Guess? (GES): The Guess? brand is stalling globally, the executive suite has a revolving door, and the only real bull case revolves around this being cheap on a more ‘normal’ earnings base of $3+ that it earned over each of the past two years. That’s a pipe dream. Even management’s guidance of $1.70-$1.90 is optimistic at best, and if it gets there it will be through cutting costs that arguably be reallocated to other areas of the business. One thing that’s important to consider is that 2/3 of GES’ business is causing the problem – and that’s North America Retail, and Europe. The company is blaming the economy – again. The company needs to understand – as we do – that investors absolutely have zero tolerance for a management team that does not have a process to drive its business in the face of a downturn in the economy. In the end, we think we’ll need to see new blood in the executive rank at GES who will then need to fight for – and win – the right to reinvest capital into the business to better stratify the brand and build an omnichannel strategy accordingly. We’d definitely put GES in the bottom quartile with its abilities in those areas. Until then, it too, is a value-trap in the mid-$20s.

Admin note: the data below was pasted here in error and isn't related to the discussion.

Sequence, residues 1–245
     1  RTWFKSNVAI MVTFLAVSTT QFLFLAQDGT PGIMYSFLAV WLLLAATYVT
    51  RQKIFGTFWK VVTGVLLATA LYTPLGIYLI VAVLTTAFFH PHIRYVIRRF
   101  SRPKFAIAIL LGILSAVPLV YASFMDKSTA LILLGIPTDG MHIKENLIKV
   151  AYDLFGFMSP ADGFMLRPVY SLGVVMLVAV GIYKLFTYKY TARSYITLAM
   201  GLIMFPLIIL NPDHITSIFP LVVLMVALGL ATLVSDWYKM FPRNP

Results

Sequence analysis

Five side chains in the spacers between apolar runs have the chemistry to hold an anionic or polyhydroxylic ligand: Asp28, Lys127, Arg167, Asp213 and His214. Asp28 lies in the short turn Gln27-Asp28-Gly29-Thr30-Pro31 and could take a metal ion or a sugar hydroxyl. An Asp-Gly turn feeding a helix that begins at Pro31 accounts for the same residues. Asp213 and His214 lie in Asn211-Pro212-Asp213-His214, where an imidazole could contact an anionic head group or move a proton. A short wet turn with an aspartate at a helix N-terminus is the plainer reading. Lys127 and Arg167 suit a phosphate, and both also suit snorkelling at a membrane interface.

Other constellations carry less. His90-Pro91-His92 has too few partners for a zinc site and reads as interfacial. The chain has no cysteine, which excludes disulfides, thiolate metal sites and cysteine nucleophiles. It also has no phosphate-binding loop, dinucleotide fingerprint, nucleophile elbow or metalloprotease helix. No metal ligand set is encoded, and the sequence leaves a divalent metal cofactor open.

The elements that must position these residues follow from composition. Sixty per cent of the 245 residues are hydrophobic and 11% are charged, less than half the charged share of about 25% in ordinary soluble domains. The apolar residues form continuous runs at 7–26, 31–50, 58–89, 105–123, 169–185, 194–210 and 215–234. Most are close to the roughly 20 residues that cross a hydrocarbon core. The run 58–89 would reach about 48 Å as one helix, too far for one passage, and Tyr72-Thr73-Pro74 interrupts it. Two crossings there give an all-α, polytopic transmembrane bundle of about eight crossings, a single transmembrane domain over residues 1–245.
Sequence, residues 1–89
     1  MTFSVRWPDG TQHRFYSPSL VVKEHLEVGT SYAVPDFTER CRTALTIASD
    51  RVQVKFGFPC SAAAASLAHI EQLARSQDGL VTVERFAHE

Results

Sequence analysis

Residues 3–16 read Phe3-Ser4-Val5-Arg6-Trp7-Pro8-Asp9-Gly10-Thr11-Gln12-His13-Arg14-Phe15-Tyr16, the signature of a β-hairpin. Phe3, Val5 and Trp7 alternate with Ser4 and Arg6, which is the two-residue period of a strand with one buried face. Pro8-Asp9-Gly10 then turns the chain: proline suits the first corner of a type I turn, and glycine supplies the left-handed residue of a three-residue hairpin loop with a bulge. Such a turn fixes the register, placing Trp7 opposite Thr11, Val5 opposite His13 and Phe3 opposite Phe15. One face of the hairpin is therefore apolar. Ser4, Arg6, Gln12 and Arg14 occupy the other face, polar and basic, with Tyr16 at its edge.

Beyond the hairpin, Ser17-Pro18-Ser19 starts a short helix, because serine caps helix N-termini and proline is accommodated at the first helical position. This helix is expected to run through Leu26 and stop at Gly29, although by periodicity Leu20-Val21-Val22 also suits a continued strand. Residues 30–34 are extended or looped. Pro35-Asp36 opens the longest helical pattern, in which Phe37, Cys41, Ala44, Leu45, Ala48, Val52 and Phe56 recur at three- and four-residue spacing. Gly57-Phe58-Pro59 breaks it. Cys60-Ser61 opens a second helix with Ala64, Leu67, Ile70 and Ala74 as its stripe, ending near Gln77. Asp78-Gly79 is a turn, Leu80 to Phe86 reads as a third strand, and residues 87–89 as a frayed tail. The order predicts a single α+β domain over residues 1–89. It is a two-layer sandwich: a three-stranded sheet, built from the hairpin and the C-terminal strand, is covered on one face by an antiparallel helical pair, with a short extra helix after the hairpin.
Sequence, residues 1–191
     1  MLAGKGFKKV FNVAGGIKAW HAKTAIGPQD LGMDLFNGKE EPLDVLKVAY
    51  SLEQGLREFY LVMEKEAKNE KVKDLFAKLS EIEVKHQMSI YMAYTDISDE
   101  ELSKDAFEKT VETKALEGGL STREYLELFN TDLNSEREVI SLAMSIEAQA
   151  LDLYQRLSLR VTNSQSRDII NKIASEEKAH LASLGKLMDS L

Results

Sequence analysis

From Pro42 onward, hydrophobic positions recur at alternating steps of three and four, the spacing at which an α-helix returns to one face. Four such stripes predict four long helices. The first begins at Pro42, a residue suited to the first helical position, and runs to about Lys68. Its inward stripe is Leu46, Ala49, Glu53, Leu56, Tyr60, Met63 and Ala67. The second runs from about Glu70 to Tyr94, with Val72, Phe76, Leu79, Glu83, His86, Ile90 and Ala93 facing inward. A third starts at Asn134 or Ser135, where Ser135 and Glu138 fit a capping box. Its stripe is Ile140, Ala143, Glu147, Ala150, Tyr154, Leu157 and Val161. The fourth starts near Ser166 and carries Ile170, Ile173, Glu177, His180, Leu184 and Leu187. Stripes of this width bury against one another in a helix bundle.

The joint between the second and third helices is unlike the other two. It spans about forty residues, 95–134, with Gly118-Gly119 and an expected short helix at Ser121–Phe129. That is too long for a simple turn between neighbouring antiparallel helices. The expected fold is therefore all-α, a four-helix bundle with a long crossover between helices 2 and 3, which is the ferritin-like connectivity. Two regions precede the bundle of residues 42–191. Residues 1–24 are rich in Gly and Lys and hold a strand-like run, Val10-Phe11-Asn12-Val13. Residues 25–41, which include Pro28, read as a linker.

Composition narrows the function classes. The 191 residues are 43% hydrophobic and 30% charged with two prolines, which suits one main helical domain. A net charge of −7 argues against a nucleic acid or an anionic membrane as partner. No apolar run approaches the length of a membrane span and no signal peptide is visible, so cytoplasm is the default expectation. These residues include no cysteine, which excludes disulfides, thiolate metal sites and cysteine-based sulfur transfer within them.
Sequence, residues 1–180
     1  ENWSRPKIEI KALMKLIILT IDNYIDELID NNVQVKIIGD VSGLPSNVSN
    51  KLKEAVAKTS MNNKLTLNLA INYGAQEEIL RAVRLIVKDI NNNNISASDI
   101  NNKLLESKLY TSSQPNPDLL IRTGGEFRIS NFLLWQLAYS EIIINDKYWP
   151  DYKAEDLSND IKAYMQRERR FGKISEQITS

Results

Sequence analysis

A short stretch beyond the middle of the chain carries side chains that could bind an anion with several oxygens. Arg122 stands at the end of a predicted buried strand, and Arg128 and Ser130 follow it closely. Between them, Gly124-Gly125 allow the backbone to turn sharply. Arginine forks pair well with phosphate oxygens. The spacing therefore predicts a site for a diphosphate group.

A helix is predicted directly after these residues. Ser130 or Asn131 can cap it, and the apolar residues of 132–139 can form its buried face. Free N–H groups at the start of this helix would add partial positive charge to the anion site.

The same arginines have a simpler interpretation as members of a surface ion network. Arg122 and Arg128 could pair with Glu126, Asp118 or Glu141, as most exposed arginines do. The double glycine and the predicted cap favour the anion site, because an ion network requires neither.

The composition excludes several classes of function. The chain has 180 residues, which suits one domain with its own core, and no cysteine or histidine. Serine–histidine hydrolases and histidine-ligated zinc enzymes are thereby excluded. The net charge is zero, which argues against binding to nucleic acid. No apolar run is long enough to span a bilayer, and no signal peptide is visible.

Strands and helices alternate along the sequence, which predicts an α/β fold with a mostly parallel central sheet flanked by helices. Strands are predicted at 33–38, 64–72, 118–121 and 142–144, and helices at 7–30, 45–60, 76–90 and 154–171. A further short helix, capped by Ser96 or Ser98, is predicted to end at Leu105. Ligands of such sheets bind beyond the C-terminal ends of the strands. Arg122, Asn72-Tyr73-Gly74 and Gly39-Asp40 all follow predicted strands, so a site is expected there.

UnderArmour (UA): We continue to think that UA will join the band of companies in the retail supply chain that is stepping up capital investment this year – both in capex and in SG&A. Growth in Footwear and International are both absolutely critical to UA’s aggregate top line. When that happens, we think that revenue and EBIT growth will diverge. If we’re wrong, then we think it is a matter of time until the top line slows, which would be even more damaging to UA’s multiple. We still think that this is an exceptional brand, but simply think that it belongs to a company that needs to go through some growing pains before it could deliver upon the expectations currently embedded in the stock. We think it’s more likely than not that earnings growth gets pushed out by a year sometime in 2H, and that investors should take advantage of this on or just after the 1Q print.